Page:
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One trade war and Donald Trump's economy is dead, market expert says

CNBC CNBC 13/11/2016 Michelle Fox
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While President-elect Donald Trump is promising to revitalize the economic growth, market watcher Evan Newmark told CNBC on Friday he believes the economy can easily be derailed.

That's because he doesn't see where the growth will come from other than inflation and some element of global trade.

"One trade war and Trump's economy is dead, dead in the water," the private investor and CNBC contributor told CNBC's "Closing Bell."

During the campaign, Trump promised to end what he called unfair trade practices.

"Trade reform and the negotiation of great trade deals is the quickest way to bring our jobs back to our country," Trump said at a Pennsylvania rally in June. "A Trump administration will change our failed trade policies, and I mean quickly."

Newmark is also bearish on the prospects for the bond market

"Donald Trump, regardless of the economy, is bad for bonds," he said. "Donald Trump is inheriting an economy that is 2.5 percent growth, 4.9 percent unemployment. For things to get better for him, the economy, there has to be inflation and wage growth."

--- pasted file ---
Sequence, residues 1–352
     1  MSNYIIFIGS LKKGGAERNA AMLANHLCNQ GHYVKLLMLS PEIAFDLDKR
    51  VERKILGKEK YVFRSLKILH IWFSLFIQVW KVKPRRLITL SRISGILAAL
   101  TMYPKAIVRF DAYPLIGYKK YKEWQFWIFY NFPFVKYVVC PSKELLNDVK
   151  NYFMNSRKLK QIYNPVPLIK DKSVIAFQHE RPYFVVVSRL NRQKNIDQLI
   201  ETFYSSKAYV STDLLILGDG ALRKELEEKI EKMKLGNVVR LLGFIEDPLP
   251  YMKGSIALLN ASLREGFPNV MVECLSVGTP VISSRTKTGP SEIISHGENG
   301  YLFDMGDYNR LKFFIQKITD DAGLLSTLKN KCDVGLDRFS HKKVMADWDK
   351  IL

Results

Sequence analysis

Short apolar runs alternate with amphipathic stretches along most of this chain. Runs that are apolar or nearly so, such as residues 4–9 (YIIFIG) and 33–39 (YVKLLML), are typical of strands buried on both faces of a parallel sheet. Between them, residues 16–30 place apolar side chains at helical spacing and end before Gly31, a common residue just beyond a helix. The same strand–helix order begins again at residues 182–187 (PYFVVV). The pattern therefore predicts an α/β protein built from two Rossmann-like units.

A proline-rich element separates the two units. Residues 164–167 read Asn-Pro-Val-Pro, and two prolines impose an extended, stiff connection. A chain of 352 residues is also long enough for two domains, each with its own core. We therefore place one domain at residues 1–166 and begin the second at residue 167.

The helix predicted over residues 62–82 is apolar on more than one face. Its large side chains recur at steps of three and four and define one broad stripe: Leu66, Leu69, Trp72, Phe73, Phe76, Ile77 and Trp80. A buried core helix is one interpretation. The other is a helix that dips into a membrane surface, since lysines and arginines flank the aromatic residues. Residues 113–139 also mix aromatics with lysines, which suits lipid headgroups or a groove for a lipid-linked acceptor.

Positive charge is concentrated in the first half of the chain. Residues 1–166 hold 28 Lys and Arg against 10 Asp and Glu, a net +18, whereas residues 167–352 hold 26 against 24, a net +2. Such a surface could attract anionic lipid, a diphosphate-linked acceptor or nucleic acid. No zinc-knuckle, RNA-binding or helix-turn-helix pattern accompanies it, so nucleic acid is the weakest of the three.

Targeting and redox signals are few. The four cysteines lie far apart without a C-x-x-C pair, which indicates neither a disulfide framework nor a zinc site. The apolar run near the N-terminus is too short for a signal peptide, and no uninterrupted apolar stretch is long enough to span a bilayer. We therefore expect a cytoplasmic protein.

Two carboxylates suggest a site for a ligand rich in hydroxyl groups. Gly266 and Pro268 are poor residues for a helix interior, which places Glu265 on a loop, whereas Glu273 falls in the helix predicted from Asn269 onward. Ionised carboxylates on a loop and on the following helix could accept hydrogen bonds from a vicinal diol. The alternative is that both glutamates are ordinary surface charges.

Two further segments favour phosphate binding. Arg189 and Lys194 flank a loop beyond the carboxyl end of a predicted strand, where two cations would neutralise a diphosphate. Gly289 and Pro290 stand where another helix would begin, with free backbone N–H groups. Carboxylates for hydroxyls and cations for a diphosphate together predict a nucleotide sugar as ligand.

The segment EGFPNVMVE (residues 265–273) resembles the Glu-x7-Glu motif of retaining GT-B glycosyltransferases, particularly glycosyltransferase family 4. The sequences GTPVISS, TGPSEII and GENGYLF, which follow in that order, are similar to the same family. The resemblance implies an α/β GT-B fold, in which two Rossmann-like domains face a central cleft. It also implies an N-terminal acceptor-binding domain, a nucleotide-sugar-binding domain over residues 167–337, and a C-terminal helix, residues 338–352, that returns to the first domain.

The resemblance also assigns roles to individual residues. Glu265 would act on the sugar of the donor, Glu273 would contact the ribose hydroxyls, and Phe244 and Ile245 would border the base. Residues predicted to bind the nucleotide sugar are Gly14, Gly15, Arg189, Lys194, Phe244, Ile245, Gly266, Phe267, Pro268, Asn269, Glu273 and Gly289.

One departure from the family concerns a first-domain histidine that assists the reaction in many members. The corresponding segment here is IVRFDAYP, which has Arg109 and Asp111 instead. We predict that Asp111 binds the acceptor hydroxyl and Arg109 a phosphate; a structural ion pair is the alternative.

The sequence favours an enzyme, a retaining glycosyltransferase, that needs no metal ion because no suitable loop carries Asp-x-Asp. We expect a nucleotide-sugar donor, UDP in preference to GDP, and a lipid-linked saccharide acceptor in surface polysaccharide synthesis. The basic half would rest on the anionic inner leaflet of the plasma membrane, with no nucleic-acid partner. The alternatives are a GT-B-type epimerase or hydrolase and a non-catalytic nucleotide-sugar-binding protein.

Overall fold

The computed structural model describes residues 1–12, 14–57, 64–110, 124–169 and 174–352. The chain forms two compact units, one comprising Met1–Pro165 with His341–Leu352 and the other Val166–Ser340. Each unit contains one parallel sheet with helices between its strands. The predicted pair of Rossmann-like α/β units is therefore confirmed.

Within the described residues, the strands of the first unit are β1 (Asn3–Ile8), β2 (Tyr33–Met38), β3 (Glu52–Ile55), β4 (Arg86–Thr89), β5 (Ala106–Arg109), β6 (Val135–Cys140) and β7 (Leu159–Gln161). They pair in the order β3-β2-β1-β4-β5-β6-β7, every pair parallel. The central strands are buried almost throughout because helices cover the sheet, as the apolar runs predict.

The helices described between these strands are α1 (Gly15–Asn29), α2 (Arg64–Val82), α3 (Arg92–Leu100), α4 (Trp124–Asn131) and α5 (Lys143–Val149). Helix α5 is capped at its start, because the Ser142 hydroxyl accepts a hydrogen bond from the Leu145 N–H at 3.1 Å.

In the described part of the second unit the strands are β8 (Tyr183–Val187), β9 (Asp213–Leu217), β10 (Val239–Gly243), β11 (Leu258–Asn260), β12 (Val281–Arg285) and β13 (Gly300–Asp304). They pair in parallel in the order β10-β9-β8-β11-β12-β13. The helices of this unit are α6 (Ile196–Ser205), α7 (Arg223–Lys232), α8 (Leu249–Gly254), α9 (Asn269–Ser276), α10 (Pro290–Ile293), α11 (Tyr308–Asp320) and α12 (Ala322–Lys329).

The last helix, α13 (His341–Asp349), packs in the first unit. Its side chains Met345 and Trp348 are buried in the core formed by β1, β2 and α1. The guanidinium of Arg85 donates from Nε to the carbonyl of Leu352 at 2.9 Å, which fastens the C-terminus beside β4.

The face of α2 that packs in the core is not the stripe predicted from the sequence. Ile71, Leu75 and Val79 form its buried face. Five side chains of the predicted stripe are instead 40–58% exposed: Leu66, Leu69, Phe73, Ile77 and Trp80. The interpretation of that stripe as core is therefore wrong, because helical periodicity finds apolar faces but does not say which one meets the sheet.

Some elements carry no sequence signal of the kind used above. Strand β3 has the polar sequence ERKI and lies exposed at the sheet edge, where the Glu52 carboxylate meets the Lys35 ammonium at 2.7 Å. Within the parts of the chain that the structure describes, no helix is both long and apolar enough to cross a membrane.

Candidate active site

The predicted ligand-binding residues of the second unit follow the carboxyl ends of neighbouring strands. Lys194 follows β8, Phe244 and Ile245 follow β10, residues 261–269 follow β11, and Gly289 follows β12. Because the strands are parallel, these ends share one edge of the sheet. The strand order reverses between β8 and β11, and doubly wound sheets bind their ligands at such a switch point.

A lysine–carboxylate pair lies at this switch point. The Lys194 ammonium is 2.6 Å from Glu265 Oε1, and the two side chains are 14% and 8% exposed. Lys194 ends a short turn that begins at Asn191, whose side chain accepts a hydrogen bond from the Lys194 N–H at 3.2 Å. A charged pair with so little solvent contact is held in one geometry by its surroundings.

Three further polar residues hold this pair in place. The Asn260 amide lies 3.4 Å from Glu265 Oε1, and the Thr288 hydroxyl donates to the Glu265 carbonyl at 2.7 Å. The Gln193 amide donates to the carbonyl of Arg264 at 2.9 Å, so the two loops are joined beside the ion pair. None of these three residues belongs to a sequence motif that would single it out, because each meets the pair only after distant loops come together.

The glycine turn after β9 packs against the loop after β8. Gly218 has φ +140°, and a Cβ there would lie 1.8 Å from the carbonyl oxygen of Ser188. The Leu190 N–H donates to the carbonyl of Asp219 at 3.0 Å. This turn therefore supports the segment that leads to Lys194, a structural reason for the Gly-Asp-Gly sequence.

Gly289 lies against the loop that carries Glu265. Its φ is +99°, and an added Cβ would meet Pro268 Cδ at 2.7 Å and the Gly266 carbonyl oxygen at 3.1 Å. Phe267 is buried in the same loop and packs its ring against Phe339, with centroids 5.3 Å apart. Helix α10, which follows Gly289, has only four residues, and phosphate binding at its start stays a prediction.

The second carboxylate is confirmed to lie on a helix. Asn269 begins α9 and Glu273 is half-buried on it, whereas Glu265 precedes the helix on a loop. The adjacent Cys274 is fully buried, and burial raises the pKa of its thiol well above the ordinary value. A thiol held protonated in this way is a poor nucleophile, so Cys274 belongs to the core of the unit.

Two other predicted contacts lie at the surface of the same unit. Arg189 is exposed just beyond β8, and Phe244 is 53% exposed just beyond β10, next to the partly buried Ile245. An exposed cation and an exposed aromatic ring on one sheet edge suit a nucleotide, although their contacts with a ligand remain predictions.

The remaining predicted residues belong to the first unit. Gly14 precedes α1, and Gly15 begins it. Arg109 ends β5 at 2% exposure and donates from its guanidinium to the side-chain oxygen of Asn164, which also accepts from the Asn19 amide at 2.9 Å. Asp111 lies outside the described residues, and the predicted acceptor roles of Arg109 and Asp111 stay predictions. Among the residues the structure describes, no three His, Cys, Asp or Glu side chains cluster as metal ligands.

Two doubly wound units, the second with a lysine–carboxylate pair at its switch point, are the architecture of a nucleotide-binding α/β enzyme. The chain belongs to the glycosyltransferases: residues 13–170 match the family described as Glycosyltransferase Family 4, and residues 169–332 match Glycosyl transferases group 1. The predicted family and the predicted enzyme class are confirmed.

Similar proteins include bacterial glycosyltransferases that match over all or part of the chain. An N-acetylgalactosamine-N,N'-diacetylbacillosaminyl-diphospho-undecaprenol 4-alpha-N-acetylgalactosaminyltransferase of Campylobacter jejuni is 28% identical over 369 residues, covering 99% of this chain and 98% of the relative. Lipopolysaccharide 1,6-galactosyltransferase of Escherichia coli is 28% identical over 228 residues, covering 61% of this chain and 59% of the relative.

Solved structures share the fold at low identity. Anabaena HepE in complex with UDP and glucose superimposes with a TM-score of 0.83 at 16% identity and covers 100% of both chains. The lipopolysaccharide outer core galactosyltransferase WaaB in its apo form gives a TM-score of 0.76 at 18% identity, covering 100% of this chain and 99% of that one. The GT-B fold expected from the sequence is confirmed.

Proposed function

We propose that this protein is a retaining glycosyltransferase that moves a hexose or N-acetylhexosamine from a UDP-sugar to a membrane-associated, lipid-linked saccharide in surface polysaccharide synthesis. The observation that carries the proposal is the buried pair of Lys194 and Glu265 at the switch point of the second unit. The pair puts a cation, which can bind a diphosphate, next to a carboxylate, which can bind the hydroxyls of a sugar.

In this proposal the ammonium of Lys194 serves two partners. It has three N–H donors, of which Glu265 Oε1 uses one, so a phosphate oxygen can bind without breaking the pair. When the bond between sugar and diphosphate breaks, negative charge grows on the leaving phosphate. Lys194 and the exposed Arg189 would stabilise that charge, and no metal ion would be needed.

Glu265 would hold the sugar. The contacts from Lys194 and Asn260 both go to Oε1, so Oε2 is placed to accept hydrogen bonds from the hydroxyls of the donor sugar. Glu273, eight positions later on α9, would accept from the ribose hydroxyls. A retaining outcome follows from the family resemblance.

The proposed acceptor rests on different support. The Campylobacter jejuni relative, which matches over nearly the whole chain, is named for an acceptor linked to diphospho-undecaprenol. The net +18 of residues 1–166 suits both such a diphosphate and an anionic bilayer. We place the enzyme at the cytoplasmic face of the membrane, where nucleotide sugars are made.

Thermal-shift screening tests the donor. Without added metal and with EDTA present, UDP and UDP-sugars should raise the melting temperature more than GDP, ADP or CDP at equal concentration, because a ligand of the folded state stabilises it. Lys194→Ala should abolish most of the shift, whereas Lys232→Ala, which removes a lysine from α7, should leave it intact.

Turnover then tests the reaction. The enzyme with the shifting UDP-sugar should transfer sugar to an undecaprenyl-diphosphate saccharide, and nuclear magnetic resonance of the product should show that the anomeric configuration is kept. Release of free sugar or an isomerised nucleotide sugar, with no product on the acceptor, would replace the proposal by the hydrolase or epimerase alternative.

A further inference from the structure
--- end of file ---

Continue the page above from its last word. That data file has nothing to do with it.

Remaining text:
"Fast Money" trader Brian Kelly, on the other hand, thinks the bond sell-off is probably over for the short term. He also believes the postelection stock rally is more about a Republican sweep than just a Donald Trump victory.

"U.S. assets are going to do well," he told "Closing Bell."

"There is going to be repatriation of cash from overseas into the U.S. Even if we don't have a good economy, corporations are going to buy back stock, pay dividends."

Joe Tanious, investment strategist at Bessemer Trust, thinks that Trump's various agendas have to be split into "likely to happen" and "the possibilities."

For example, immigration and trade policy are possibly happening, and it is more likely there will be tax reform and infrastructure spending.

"It's going to be supportive to growth, supportive to risk assets. And that's part of what markets have been reacting to this week," Tanious told "Closing Bell."

— CNBC's John Schoen contributed to this report.

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